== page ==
Is there an easy way to control access to D Drive?

Discussion in 'other anti-malware software' started by justenough, Jan 3, 2014.

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  1. justenough

    justenough Registered Member

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    I use the D drive for back-up and am moving files on and off it everyday. There aren't any programs that run from that drive. Is there an easy way to control what has access to that drive while still being able to conveniently use it?
     
  2. dja2k

    dja2k Registered Member

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    I control access to such drives with AppGuard.

    dja2k
     
  3. MisterB

    MisterB Registered Member

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    If the drive is NTFS formatted, you can set file permissions to control access. You could set it for just one user and deny access to all others. You could also encrypt the drive and have access password controlled. There are numerous ways and software programs to do this.
     
  4. justenough

    justenough Registered Member

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    I should have also said that no one else has access to this computer, so it is malware spreading on its own to D drive that I want to prevent. I make sure files are safe before moving them there myself.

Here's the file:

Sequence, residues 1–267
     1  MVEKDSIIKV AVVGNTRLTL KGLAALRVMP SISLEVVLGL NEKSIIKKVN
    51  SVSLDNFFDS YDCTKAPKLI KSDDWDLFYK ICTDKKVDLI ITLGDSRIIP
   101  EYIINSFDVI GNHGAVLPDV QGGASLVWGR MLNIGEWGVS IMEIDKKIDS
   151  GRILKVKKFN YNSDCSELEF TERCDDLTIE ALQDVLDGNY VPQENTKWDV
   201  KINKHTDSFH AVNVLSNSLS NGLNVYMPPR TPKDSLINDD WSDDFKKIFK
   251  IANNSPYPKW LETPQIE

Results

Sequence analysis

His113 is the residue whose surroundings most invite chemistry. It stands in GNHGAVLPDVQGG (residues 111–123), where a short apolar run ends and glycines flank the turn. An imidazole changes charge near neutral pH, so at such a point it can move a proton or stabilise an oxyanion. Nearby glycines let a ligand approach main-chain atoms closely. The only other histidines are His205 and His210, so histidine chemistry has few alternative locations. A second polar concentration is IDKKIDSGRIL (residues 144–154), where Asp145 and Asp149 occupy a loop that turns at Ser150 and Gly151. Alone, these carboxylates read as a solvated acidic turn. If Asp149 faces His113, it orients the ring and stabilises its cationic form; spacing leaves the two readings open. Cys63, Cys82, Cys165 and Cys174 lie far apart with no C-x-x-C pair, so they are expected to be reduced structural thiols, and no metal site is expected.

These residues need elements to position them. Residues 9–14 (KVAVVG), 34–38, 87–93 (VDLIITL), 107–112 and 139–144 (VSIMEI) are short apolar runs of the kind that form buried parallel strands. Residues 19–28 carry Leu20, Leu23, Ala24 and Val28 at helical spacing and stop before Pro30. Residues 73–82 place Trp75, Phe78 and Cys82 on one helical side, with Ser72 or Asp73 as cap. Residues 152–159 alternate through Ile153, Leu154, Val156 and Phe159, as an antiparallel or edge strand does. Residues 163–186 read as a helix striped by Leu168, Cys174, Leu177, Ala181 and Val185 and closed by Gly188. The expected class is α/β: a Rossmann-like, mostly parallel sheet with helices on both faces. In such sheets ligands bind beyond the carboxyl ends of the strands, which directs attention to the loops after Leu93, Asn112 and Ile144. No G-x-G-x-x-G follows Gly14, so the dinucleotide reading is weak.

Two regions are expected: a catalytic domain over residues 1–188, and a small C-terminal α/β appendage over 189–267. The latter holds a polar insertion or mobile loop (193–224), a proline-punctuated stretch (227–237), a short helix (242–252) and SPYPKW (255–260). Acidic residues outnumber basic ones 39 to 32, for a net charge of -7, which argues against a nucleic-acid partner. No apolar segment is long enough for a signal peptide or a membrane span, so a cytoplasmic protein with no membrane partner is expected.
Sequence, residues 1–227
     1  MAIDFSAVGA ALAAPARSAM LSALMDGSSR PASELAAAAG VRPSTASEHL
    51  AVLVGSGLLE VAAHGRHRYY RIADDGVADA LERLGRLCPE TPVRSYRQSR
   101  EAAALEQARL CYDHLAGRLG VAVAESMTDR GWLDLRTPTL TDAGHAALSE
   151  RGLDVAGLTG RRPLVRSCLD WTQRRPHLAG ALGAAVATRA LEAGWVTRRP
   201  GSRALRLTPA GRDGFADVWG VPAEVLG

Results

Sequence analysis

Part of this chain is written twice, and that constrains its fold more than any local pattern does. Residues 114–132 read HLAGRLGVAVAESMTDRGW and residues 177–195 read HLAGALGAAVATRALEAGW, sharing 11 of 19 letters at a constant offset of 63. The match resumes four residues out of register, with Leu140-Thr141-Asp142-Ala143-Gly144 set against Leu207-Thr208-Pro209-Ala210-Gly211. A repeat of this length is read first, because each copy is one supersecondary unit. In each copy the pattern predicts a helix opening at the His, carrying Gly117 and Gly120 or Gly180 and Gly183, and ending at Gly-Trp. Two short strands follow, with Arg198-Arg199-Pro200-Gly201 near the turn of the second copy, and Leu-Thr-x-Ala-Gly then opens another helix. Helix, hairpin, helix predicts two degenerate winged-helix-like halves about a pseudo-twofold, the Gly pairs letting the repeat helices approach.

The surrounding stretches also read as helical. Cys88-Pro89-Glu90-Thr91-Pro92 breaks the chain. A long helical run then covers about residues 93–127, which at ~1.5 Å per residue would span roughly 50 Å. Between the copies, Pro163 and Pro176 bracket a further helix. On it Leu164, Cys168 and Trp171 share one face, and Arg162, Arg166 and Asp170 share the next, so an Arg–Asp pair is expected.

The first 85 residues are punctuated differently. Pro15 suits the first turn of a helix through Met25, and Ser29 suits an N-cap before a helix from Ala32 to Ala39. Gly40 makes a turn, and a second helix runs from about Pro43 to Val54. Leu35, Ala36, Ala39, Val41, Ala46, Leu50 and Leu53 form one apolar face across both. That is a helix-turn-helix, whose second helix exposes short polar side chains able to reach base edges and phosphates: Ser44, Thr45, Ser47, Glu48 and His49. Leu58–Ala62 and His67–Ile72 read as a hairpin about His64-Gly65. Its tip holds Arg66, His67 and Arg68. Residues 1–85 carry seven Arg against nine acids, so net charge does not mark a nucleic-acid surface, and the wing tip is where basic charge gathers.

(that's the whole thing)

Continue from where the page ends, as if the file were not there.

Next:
dja2k last night I asked in the AppGuard thread how to set this up using AppGuard and was told to "set D:\ to Deny Access in Guarded Apps \ Folders and it will only apply to Guarded Apps with Privacy On." Is this what you do?
     
  5. Windows_Security

    Windows_Security Registered Member

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    I would add it to AppGuard's user space protection (deny execute), for people not having AppGuard one could use NTFS permission as stated by MisterB. I have done the same for my download folder (to add a second deny execute layer on top of SRP deny basic user, so even Admin is not allowed to execute from download folder :D )
     

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    Last edited: Jan 4, 2014
  6. FleischmannTV

    FleischmannTV Registered Member